Historic Smulekoff’s Building Opens for Bids in Downtown Cedar Rapids
CEDAR RAPIDS — Known as a downtown institution, the Smulekoff’s building will change hands under city plans, but it won’t be the first time the site has been under different ownership.
The City Council agreed at its meeting Tuesday to invite competitive proposals for the city-owned property, at 97 Third Ave. SE.
Already, an informational session has been set for 3 p.m. Monday, March 2, for anyone interested in redeveloping the five-story building, along the Cedar River.
The meeting will be in the lower-level training room of City Hall, 101 First St. SE. An overview of the proposal process, timeline and proposal criteria will be reviewed, with a walk-through of the property immediately after the meeting.
Members of the Historic Preservation Commission asked if those developers could also be made aware of another city property that is for sale. Sealed bids of any amount will be opened April 10 for 115 Second St. SW, with the provision that the house be moved.
Smulekoff’s final day of business was Nov. 28, 2014. The city purchased the building, which reopened after flooding in 2008, as part of the voluntary acquisition process.
While Smulekoff’s Home Store had been downtown since 1889 — an incredible 125-year run — the store was previously at two different sites.
Smulekoff’s began on May’s Island before moving to 111 Third Ave. SW, next to the Louis Sullivan-designed Peoples Bank, said Cedar Rapids historian, Mark Stoffer Hunter, a member of Save CR Heritage.
Stoffer Hunter said the building now known as Smulekoff’s was built in 1902 as an early wholesale/warehouse structure that was originally occupied by two wholesale companies: Warfield Pratt Howell Wholesale Grocery and the Churchill Wholesale Drug Company.
Each company had a five-story section separated by a brick fire wall, with Warfield in the “north” half of the structure, fronting Third Avenue SE, and Churchill in the “south” half. At the time, he said, the street level exterior featured brick arches.
The building was converted to a furniture store called Rosenbaum’s in the mid-1920s, after the wholesale companies relocated in Cedar Rapids and that side of Third Avenue SE became more retail-focused, Stoffer Hunter noted.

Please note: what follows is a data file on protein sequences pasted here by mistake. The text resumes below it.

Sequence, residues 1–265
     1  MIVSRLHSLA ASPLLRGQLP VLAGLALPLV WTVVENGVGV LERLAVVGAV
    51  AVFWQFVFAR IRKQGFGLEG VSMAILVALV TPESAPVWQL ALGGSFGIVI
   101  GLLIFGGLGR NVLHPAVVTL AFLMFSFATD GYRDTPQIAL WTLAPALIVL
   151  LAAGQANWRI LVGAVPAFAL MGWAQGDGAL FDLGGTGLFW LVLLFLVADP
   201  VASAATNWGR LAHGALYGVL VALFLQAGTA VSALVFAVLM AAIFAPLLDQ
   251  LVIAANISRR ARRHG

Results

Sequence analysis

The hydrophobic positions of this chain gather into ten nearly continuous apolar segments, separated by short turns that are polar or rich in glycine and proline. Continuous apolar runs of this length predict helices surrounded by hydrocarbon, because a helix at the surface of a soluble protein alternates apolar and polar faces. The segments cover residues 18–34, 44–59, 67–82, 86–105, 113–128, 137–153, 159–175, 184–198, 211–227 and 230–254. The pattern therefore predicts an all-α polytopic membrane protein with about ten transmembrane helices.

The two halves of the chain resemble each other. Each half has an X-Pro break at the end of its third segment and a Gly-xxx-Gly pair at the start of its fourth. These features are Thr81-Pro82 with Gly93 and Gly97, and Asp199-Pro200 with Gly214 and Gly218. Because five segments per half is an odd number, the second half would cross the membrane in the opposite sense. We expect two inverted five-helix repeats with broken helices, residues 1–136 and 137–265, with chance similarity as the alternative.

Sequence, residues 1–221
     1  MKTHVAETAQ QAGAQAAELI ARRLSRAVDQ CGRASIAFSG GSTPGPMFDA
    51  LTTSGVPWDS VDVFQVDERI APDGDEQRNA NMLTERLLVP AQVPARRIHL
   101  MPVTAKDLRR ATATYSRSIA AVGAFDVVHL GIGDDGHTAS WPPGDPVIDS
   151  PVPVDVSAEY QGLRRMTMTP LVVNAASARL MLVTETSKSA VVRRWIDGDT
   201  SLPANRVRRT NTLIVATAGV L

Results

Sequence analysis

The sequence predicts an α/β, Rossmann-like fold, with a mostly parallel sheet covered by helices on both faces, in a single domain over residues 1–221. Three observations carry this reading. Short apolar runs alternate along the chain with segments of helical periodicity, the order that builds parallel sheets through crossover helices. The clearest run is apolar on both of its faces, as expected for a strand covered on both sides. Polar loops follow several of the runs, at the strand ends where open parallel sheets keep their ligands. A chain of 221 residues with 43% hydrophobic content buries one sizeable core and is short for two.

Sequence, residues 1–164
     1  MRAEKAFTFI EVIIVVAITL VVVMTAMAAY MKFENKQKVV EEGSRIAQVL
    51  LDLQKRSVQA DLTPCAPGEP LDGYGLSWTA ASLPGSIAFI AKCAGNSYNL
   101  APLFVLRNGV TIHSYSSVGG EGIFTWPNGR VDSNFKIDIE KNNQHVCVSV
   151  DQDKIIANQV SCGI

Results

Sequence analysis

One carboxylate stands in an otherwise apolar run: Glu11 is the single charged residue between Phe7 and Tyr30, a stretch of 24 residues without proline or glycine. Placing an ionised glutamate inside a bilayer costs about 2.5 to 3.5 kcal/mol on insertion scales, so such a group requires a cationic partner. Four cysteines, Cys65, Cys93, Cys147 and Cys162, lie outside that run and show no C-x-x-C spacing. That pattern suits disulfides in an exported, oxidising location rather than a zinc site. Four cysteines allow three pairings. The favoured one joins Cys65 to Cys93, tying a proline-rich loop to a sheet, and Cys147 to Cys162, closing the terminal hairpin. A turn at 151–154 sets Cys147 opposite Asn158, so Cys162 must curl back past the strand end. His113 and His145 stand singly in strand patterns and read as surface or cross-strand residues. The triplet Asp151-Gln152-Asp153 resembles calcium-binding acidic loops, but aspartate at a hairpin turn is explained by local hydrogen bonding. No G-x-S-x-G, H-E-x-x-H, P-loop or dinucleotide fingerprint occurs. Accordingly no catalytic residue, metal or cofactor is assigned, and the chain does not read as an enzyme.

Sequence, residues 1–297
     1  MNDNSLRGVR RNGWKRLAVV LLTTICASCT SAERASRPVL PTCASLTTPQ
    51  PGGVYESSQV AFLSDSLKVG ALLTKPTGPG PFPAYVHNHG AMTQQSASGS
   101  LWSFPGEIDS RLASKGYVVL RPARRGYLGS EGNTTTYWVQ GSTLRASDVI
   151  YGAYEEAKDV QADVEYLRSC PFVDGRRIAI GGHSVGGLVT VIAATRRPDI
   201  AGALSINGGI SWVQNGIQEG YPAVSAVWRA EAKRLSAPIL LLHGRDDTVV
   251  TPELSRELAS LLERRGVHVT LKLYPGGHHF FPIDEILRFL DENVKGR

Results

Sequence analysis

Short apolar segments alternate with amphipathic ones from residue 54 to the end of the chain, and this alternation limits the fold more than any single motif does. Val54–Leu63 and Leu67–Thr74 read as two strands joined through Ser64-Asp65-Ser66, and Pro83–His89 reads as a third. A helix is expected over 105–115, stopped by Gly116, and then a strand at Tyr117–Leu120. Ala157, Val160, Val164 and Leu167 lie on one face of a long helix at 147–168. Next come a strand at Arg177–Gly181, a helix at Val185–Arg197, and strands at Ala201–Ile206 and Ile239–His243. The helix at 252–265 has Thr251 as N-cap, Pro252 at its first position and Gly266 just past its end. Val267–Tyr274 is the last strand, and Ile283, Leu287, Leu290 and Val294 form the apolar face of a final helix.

Rosenbaum’s was bought out by Smulekoff’s Furniture Store in 1940 and Smulekoff’s moved into the building in 1941 and 1942.
Stoffer Hunter said Smulekoff’s extensively remodeled the street-level exterior, replacing brick arches and walls with large glass display windows.
“The four-story tall vertical exterior sign was attached to the Third Avenue side of structure at this time, as well,” he said, adding that the sign covered four original windows on the upper floors.
Until the 1970s, a railroad track spur was located between the rear of the building and the river to load and unload stock. In 1972, Smulekoff’s demolished four old warehouse structures adjacent to the building and built a new two-story addition, with a parking lot that opened in 1973.
“Significant here is that the Smulekoff building was one of the first two large-size structures built for the Wholesale Warehouse District,” Stoffer Hunter said. That area was bounded by Third Avenue SE, the Cedar River, 10th Avenue SE and Fifth Street SE, to Fifth Avenue SE.
He noted that the first major structure built in that district was the Hach Building, 401 First St. SE, in 1899. Other early wholesale structures included the Kubias Building, 311 Third Ave. SE, also built in 1902; the Fawcett Building, 117-119 Third Ave. SE, built in 1905, and now used by Orchestra Iowa; and the old Wilcox Building, 213-215 Third Ave. SE, built in 1901, which was Sanford’s store from the mid-1930s to early 1980s and was demolished in 1988.
The Warehouse/Wholesale District, which also included railroad freight stations and small manufacturing, such as an ice cream factory and a bakery, replaced the oldest Bohemian neighborhood of Cedar Rapids, except for Sokol Hall on Third St. SE, Stoffer Hunter said.
Proposals for the Smulekoff’s redevelopment are due by 11 a.m. April 27, 2015, to the Community Development department on the second floor of City Hall.
Caleb Mason, Cedar Rapids housing redevelopment analyst, told the council the developer will have to pay the fair market value of the building, with the funds returned to the Community Development Block Grant program.
The city paid $4.7 million for the 100,000-square-foot building in December. According to the Cedar Rapids City Assessor, the property was assessed at nearly $2.4 million in 2014.
Mason said the $4.7 million was the pre-flood value, and that developers can use the $2.4 million as an estimate of the fair market value, which will be determined once the development terms are negotiated.
The building is eligible for the National Register of Historic Places, which could offer financial incentives in the form of historic tax credits for nearly half of the rehabilitation costs.
Mason told the council that the developer must meet several objectives, including offering a financially viable plan; incorporating market-rate housing; allowing for construction and ongoing maintenance of the city’s flood control system and retaining the building’s historic character.
The City Council will consider proposals at its May 12 meeting.
Council Member Monica Vernon voiced her support in moving quickly on a sale and for the building to be repurposed.
“The longer you let an older building sit, the more possibility for problems,” she said. “I think we want to reuse it and we know that getting housing into downtown is paramount. It adds to our vitality.”